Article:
The founder of the Yukon Amateur Radio Association will continue to ham it up on air.

Always interested in radio’s technical side, McFadyen and his ham-radio friends put their first receiver up on Haeckel Hill in the 1970s.

“There are 19 in the Yukon now,” said McFadyen.

“I even have one in my house.”

McFadyen has flown into Mount Decoli slinging receiver equipment up 2,500 metres.

And he’s hiked up Montana Mountain with a 27-kilogram pack full of receiver parts on his back.

It was all worth it.

When forest fires were ravaging the territory several years ago, McFadyen was contacted by Yukon emergency measures.

They needed to contact a microwave station near Swift River, and they needed to do it immediately.

McFadyen got on his handheld radio, copied a few codes and had the guy on the receiver.

“When they needed us, we were there,” he said.

McFadyen was awarded a volunteer award this month for his work with the amateur radio association.

Although ham radio will keep him on the airwaves, McFadyen is going to miss the news.

It will be hard to sit and just listen, he said.

And his watch is not coming off yet.

“It’s always on, and it’s accurate to the second,” said McFadyen with a smile.

“It’s also going to be difficult to go to a really big event and have to sit in the crowd, because I’ve always been down there where the action is,” he added.

“I guess I’ll just have to volunteer.”

Contact Genesee Keevil at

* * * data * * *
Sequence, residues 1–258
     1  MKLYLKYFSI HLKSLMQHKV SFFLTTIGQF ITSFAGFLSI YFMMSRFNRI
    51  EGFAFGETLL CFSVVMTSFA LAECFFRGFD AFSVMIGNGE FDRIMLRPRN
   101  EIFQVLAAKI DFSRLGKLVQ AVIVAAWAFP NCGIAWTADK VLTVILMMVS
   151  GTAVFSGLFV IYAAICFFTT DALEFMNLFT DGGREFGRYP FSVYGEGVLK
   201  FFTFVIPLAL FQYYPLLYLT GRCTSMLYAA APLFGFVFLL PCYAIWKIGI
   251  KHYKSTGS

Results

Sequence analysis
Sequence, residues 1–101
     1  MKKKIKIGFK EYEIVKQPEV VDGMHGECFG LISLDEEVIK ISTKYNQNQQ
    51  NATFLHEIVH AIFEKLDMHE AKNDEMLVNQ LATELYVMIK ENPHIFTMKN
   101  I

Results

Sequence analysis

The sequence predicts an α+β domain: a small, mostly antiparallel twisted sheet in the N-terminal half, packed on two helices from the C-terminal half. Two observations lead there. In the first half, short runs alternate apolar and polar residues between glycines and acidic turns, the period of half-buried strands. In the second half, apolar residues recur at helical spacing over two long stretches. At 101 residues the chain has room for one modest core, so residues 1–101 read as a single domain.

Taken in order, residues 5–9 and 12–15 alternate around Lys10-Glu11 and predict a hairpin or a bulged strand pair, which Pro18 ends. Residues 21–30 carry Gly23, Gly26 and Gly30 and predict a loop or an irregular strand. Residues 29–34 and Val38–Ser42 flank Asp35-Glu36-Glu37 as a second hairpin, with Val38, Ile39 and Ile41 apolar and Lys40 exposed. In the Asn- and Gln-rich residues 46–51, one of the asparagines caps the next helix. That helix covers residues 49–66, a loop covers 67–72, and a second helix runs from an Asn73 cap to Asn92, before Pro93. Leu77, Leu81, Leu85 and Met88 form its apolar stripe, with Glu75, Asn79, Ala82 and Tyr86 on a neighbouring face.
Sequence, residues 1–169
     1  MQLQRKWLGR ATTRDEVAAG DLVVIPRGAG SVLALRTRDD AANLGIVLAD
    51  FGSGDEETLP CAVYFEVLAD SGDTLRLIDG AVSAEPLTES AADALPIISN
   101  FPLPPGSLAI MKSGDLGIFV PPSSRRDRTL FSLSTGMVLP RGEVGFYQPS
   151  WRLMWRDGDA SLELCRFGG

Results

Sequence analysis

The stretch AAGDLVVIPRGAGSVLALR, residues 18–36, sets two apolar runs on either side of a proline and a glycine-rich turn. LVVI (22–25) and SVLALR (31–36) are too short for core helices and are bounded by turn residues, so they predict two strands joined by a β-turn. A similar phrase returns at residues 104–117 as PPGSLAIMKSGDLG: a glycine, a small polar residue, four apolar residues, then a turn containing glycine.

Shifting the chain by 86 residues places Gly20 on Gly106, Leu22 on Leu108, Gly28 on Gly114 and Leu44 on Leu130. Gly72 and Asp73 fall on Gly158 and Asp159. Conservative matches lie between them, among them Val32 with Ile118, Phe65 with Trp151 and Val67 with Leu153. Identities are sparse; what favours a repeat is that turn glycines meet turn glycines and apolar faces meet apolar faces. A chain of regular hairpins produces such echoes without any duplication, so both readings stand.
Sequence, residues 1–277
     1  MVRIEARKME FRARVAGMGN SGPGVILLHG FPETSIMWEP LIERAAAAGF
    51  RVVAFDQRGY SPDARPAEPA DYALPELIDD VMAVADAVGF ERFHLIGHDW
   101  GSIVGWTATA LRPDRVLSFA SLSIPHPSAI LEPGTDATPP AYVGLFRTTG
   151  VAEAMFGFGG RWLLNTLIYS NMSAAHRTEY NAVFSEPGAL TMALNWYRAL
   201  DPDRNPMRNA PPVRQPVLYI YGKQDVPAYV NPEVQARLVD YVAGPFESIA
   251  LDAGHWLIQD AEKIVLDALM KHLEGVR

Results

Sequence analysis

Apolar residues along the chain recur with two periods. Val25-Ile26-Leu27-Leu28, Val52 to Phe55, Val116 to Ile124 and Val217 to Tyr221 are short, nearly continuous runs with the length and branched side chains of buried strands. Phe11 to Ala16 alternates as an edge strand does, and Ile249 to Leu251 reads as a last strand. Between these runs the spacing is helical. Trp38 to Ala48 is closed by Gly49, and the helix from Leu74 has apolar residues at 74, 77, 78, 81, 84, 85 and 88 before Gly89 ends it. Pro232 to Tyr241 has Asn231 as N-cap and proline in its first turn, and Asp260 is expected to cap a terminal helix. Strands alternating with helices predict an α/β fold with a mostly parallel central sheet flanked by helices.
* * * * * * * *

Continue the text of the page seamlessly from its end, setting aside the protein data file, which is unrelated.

Get local stories you won't find anywhere else right to your inbox.
Sign up here

Just Posted

Crystal Schick/Yukon News
Calvin Delwisch poses for a photo inside his DIY sauna at Marsh Lake on Feb. 18.
Yukoners turning up the heat with unique DIY sauna builds

Do-it-yourselfers say a sauna built with salvaged materials is a great winter project

Wyatt’s World

Wyatt’s World for March 5, 2021.

Yukonomist: School competition ramps up in the Yukon

It’s common to see an upstart automaker trying to grab share from… Continue reading

The Yukon government responded to a petition calling the SCAN Act “draconian” on Feb. 19. (Yukon News file)
Yukon government accuses SCAN petitioner of mischaracterizing her eviction

A response to the Jan. 7 petition was filed to court on Feb. 19

City councillor Samson Hartland in Whitehorse on Dec. 3, 2018. Hartland has announced his plans to run for mayor in the Oct. 21 municipal election. (Crystal Schick/Yukon News file)
Councillor sets sights on mayor’s chair

Hartland declares election plans